Authentic, calzone = primo Italian lunch
By Mike Sanford, GLOB Editor
The New York Times story the Gainesville Lunch Out Blog published about creating your own calzones and making your own ricotta cheese got me thinking that I haven't been to an Italian restaurant in some time. Plus, I have a friend that brags about being a regular Italian food lover at the Pomodoro Café on NW 39th Ave. near the I-75 interchange.
That was two good reasons to go experience my first calzone ever, and see what I'm missing.
Walking to the front door of this café I heard Italian music wafting through the air enchanting folks walking by and luring them into the cafe. You've seen those old cartoons where the scent appears as a serpent like smoke charming the victim and pulling them forward into who knows what.
I was immediately hooked, and then when I walked into the front door of a friendly appointed café of wood, and gingham checked accents I knew this was going to be a fun lunch experience.
I was getting into the feel of the old world. The wine bottles on the shelves, wooden beams between the tables, and the comfortable booths were appealing as I looked at the Pomodoro Café menu. Bruschetta Toscana Assortita, Vegetali Con Penne, Cappellini Francesco and six Pomodoro pizza's including the Margherita, Julianana, and Mikey's Pizza Pie. I'm going back for the Mikey's Pizza Pie sooner rather than later.
You will find the complete Pomodoro Café menu at the restaurant link below this feature.
Life is good I thought to myself looking out the Pomodoro window to their patio seating that had the appearance of a cozy, mountain side Italian patio.
A regular Pomodoro lunch special is an open face Calzone with your choice of two ingredients.
Tami my server explained that calzones are sandwiches made from the pizza dough that is folded over the ingredients much the same way a Stromboli is made.
The soup element of my lunch special comes with a cup of Pasta Fagioli (Fuh-jo-ley). This tasty soup is clear chicken stock with white beans, bacon and small pieces of pasta. The Soup was hearty and tasty. Being a non-Italiano lunchouter in a strange cafe I thought it was odd that the soup included both beans and pasta, but it was very good and a nice compliment to my calzone.
My lunch was presented in an interesting, long and narrow tray that was perfect for the three items of my lunch. My soup, the Calzone and a small bowl of marinara sauce to add to my calzone. It was a very cool, interesting presentation.
Since I was in Italy – wasn't I in Italy -- I added Italian sausage and roasted garlic to my open face calzone. That is a nice touch the way Pomodoro's leaves a little pouch of cheese and ingredients showing on the face of the calzone, and toasting up in the oven for the customer's satisfaction when the entrée is presented.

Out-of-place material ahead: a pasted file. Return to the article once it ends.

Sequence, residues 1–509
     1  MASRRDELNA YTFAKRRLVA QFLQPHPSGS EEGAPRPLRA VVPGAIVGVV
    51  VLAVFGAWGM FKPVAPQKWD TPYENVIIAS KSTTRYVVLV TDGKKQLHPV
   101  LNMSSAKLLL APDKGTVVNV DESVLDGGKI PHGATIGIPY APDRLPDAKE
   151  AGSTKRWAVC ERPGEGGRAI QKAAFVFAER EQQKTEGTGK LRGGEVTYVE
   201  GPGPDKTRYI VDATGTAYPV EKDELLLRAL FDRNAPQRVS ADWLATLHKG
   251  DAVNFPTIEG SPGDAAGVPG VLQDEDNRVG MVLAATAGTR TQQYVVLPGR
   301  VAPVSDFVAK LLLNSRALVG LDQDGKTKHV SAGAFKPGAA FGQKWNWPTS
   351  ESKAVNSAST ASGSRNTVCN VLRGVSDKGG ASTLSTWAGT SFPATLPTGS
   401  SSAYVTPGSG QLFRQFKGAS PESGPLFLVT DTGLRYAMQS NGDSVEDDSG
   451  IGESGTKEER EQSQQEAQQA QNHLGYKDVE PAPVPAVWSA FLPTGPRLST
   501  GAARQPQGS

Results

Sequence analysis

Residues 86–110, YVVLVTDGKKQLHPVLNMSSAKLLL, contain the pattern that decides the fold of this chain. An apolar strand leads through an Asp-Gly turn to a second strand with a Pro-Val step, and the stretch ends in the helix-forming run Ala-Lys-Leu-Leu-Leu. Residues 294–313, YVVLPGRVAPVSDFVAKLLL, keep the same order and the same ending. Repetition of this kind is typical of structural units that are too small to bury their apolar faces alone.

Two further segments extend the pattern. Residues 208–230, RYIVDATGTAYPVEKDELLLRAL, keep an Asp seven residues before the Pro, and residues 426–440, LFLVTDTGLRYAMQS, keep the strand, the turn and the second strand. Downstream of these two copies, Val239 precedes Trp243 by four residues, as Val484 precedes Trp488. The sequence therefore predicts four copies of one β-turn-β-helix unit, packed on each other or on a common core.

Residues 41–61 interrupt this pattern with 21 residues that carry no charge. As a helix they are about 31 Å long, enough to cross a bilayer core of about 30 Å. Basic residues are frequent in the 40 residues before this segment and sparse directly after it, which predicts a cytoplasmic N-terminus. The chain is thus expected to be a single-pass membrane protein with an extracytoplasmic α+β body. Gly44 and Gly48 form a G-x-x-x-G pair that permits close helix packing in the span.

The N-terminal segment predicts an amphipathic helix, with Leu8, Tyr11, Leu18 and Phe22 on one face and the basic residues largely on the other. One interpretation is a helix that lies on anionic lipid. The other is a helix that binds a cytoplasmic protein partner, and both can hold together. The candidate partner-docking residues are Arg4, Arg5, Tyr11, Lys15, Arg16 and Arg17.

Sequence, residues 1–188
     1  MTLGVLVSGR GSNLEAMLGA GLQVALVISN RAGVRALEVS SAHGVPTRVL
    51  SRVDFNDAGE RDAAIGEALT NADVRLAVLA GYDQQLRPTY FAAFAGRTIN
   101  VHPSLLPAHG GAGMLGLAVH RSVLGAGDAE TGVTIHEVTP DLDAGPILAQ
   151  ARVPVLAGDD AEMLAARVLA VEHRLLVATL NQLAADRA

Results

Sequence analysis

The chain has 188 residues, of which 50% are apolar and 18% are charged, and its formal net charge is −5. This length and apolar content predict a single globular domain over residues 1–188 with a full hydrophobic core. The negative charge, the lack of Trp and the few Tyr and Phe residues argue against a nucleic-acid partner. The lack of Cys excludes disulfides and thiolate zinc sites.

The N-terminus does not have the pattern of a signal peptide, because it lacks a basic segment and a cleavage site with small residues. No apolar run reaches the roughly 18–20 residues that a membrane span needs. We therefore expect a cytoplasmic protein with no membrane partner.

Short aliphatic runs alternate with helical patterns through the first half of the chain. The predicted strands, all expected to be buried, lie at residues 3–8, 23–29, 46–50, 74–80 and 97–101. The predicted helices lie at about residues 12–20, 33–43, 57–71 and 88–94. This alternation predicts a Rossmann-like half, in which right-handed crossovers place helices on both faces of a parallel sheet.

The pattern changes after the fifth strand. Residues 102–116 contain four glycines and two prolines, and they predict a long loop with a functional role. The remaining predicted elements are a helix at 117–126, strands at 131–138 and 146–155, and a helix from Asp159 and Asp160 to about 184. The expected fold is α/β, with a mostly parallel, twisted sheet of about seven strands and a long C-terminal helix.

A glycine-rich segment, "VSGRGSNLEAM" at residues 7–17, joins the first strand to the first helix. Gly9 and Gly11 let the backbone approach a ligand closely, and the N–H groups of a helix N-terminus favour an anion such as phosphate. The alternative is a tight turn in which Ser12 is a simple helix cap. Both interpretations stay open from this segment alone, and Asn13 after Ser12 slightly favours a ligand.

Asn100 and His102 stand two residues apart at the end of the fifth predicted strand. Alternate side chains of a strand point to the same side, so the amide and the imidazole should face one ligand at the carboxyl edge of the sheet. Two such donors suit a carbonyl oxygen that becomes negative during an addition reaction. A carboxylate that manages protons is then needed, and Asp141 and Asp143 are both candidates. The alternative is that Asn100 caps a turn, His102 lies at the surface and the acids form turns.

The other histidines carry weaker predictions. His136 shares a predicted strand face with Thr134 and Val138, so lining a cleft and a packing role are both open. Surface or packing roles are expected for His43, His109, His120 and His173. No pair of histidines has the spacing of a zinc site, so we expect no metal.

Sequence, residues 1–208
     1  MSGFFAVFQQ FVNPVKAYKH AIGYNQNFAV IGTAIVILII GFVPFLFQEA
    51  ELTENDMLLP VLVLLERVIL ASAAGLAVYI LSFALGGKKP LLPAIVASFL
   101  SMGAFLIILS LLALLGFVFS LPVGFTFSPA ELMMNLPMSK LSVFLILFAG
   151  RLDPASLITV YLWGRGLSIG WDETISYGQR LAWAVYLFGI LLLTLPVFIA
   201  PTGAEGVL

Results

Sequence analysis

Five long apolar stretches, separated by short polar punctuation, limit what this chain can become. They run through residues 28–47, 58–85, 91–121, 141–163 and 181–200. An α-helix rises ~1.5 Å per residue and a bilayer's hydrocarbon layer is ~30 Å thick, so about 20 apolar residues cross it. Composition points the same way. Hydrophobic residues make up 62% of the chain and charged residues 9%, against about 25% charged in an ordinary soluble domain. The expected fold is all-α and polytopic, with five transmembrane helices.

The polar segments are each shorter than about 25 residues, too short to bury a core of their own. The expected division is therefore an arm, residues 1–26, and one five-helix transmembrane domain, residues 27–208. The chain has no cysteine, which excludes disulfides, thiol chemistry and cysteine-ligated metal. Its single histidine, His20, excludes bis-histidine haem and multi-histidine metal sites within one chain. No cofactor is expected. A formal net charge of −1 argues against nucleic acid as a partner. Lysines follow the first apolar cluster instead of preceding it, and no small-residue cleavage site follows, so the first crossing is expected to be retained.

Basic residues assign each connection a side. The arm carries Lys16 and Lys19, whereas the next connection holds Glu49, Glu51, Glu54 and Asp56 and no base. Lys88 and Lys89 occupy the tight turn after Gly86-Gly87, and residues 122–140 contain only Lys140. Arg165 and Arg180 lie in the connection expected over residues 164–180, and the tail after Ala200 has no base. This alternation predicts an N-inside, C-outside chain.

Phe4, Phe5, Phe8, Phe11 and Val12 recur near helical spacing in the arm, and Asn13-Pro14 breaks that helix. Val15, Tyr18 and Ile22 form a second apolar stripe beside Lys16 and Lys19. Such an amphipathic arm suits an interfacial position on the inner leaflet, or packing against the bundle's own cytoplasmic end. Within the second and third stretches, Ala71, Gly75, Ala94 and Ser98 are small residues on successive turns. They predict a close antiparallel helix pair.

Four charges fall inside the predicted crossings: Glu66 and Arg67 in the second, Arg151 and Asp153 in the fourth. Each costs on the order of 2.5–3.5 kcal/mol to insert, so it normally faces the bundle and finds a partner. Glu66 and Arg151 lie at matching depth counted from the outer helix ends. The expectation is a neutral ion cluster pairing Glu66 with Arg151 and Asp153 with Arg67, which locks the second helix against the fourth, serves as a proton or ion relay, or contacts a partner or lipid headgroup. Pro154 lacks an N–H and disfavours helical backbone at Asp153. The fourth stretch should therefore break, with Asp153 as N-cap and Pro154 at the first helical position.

My Italian sandwich was toasted perfectly, the Ricotta and Mozzarella cheese melted into a gooey, chewy combination of cheese joy. The Italian sausage added the spices to the Italian sandwich and the roasted garlic had me ALMOST shouting, "Pasta Fagioli, Calzone si bellissimo!"
We all know the lunch experience is a combination of individual elements working together to make an excellent lunch hour. The Pomodoro Café has their lunch experience elements singing acapella in an Italian opera.
The Pluses and Minuses of Pomodoro Cafe:
Pomodoro Cafe + indicators: Wonderful old world lunch experience. Has any GLOBer tried Pomodoro 's Mikey Pizza pie?
Pomodoro Cafe – indicators: Other than being 'Way out in West G'ville' none noted.
Be the first to offer your GLOB comments, lunch photographs and opinions about Pomodoro Cafe. Please identify your opinions with a PLUS SIGN (+) for positive comments, and a MINUS SIGN (-) for your negative comments. - THANKS!
- Phone Number: 380-9886
- Address: 9200 NW 39th Ave., Gaineville, FL
- Urban GLOB Location: NW 39th Avenue
- Web Site: Pomodoro Cafe
- Latitude: 29.691487
- Longitude: -82.439483
Congratulations on your discovery of calzones!
I call them 3D Pizzas. If you like calzones, you should also try the strombolis. While a calzone is essentially a pizza folded over to make a half moon, a stromboli is a pizza that is rolled into a log shape. I find the stromboli to be architecturely more sound. For some reason, and I could be wrong here, most menus offer meat in a stromboli, but not in a calzone. Perhaps it has to do with baking time. I'm not a chef, nor am I Italian, I'm just an avid consumer. Good restaurant review, GLOB.
Cathy DeWitt Thursday, 19 April 2012 23:35 Comment Link
This is a great family-run Italian restaurant. I like the fact that the music played, as noted by Mike :-) , actually has a relationship to the theme and food of the restaurant--unlike the ubiquitous pop radio you hear 9 times out of 10 in every restaurant or shop you go into. And the food is great--lots of nice salads, pastas, seafood and desserts--reasonably priced. The flank steak is excellent!
Lulu Thursday, 19 April 2012 07:35 Comment Link
In the company of my younger daughter Trish and 3 1/2 year old grandson Zachary I had lunch @ Pomodoros on Wednesday. Maria our server was very attentive and just spoiled us all. My grouper sandwich was perfect,instead of iceberg lettuce, they used romaine, the fries were crispy so the small profesional touches from the kitchen were evident as well.